There are some games that quite rightly earn themselves a reputation. Super Meat Boy was one such game. The brutal, hard-as-nails platformer was released in 2010 and blended challenging platforming, kick-ass music and clever level design. It won over fans and critics alike, and despite the brutal challenge on offer, it was considered one of the best games of it’s genre. The long awaited sequel, Super Meat Boy Forever, has finally made its way to Xbox. However, how does it stack up against such a strong first act?
I can confirm that you’ll still die, a lot. Thankfully though, the only real punishment is that of starting over again, and thanks to the fact that you’re checkpointed often, the pace of the game keeps fast and fearsome. There’s a handy progress bar at the bottom of your screen which helps you track completion, as well as a brief respite from the murderous platforming action.
To keep the pressure on, each level has a target time to try and beat. These are quite challenging to meet because, of course, dying will slow you down. And as we know with anything Super Meat Boy, that is something which will happen to you a lot.
Meat Boy attacks each stage in a similar way as before, in that he runs from left to right, scrambling to avoid and deal with hazards as they appear with barely a moment’s warning. Spikes, saws and a variety of nasties will try their best to put an end to you. The difference from the first game is that Meat Boy will automatically run, meaning you are responsible solely for jumping and punching. The latter will only extend your fist for a few short seconds however, and if you make contact with an enemy after this you’re toast.
You’ll need to interact with all sorts of objects, including hooks, pipes, cannons and orbs. Each will provide a slight twist on the gameplay; for example some orbs will require you to punch your way out before they carry you to your death. Within “The Lab” area, you can use teleporters, arrow boosts which grant you an extra jump and other fancy high-tech gadgets.
Punching also provides another way for you to problem solve, usually by smacking airborne enemies out the way to extend your jump, on your path to the finish line. In Super Meat Boy Forever, this is where the gameplay really expands on the original, putting your time-pressured problem solving skills to the test thanks to the increased complexity.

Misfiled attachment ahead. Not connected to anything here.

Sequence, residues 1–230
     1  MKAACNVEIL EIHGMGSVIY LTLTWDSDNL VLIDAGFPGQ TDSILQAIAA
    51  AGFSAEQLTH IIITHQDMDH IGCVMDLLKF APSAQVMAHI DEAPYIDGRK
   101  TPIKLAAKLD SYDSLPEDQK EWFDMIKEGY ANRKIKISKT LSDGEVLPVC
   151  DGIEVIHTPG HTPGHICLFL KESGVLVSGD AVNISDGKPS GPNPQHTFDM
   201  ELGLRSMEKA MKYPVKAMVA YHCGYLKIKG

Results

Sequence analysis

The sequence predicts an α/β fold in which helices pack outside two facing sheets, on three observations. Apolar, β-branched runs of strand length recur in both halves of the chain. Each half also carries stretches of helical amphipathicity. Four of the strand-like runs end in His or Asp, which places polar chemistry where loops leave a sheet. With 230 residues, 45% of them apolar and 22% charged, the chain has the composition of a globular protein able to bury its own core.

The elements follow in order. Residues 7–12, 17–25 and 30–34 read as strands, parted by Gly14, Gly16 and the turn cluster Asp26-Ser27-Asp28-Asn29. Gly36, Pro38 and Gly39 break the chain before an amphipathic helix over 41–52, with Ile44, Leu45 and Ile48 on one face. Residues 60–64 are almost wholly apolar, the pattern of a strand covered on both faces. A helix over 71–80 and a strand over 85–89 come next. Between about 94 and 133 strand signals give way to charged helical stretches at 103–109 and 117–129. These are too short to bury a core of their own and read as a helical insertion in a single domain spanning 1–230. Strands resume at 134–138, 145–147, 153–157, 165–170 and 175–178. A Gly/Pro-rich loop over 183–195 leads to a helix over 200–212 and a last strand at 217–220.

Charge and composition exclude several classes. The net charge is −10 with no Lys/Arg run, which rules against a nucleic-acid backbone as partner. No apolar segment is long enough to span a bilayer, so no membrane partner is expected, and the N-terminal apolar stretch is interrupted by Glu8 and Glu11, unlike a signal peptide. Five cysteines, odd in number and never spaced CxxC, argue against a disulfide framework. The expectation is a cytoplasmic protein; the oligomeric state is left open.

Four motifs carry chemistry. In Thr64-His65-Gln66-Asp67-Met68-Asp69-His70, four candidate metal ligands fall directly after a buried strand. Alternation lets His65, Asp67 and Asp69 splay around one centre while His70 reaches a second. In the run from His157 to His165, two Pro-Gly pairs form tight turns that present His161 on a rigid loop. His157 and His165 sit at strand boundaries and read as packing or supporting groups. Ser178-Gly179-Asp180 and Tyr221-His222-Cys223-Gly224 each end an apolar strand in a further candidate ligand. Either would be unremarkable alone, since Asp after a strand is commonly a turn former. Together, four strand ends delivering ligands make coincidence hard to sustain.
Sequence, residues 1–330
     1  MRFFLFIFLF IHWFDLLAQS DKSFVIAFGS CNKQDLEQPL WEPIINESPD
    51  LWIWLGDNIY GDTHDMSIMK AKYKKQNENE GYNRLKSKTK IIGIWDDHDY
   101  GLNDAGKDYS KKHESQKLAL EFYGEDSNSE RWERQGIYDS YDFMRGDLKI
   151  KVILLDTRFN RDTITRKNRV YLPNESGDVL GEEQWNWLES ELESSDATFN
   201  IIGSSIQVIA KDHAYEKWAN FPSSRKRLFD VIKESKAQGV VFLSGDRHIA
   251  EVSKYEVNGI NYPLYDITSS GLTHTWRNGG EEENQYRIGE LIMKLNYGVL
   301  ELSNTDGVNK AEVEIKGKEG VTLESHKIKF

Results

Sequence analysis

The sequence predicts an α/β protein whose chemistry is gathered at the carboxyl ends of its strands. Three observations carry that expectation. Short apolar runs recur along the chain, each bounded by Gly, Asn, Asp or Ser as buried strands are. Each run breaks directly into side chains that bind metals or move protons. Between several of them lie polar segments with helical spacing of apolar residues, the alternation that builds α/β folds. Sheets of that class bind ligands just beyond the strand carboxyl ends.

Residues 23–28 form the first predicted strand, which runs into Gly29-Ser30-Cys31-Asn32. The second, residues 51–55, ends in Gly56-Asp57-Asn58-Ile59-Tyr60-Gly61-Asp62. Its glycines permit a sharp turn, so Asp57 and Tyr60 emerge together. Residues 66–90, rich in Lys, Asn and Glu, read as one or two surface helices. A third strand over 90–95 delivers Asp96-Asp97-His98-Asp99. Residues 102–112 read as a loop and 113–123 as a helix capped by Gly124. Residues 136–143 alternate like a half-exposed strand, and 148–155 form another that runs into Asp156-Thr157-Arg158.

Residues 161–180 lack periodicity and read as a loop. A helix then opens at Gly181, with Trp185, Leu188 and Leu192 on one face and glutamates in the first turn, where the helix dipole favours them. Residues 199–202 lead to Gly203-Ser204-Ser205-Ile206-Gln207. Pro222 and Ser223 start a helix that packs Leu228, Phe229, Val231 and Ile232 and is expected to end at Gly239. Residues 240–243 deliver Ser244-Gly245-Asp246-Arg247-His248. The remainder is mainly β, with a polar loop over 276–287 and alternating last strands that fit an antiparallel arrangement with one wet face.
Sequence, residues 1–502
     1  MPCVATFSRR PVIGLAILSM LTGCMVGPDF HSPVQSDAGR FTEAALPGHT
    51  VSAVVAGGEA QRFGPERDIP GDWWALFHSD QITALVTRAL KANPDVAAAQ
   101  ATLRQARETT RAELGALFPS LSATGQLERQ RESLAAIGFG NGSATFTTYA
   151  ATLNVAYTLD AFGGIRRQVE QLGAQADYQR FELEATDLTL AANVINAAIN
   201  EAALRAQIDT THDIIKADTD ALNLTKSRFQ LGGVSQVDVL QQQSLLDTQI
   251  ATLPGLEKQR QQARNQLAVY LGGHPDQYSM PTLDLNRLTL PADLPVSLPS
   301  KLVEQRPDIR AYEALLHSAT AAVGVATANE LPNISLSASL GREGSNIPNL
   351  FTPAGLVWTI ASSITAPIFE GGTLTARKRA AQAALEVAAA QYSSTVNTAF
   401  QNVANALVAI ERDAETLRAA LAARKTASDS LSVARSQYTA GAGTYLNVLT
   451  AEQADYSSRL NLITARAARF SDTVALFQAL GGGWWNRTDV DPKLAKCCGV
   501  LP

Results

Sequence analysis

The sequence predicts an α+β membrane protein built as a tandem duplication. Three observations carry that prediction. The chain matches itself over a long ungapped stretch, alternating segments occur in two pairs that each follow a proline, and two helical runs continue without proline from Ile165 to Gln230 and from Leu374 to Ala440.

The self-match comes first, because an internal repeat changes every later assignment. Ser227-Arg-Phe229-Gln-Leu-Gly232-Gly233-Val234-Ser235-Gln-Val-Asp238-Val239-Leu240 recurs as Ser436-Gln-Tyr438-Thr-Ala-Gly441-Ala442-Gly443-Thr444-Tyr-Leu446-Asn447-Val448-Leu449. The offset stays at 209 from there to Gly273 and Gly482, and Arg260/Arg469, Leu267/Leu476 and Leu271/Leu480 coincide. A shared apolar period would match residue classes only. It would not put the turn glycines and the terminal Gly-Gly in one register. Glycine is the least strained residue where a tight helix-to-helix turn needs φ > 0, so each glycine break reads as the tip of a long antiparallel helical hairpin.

Each world contains a series of randomly generated levels, which are challenging but offer enough to keep you playing. However, boss fights are hateful experiences. The first couple aren’t so bad, but then things get very, very difficult.
In one of these encounters, you face off against franchise baddie Dr. Fetus himself, alongside his army of clones. This was the first time where I felt the controls were not able to react quickly enough to my inputs, and what was being demanded of me. This led to several situations where I got utterly frustrated (and a bit sweary) as my character wouldn’t jump or punch despite me seemingly pressing the correct button in time. Of course, this instantly resulted in death, and there are no checkpoints in boss battles which makes the whole experience even more unforgiving. You’ll do well not to hurl your controller at the wall during these fights, breathing a heavy sigh of relief when it’s finally over.
In Super Meat Boy Forever, the difficulty doesn’t lie in figuring out how to complete the level for the most part – it’s possessing the necessary skills to pull it off. However, when things get really difficult you may well get stopped in your tracks for a short while as you figure out how to proceed.
It wouldn’t be a Super Meat Boy game without unlockables, and this is no exception. You can play as several characters and more will be revealed as you play, ticking off certain achievements. Many are unlocked by picking up pacifiers in each level. Some require you to chase these to multiple places before you can grab them for keeps. You’ll still have to avoid death until the next checkpoint to hold onto them however, which is sometimes the hardest part.
Super Meat Boy Forever sounds pretty good, however the most notable difference is how it looks. The visuals are a huge step up from the original, boasting vibrant and varied worlds each harking back to a classic retro platformer. You’ll visit “Chipper Grove”, “The Clinic” and “Tetanusville”, as well as unlocking other strongly themed worlds of pain.
Just to rub it in, the environments will gradually get bloodier to show quite clearly how many times you have died. The cutscenes are beautifully animated and genuinely funny too. Further to that, Nugget (Meat Boy and Bandage Girl’s child) is so cute, and it’s very entertaining watching Nugget cause chaos for Dr. Fetus in the pause menu too.
It’s only when you complete Super Meat Boy Forever that its true replayability is revealed. As mentioned before, the levels are randomly generated meaning you can run through the game several times without playing a single duplicate level, due to the thousands available. Of course, this all depends on how much you enjoy the gameplay, and how long you can grin and bear the constant death.
Super Meat Boy Forever lives up to its reputation, providing another hard-as-nails platforming experience. It expands well on the original, despite occasionally feeling overwhelmingly brutal, which may put some off. It’s certainly not for the faint-hearted, but should please fans of the original test.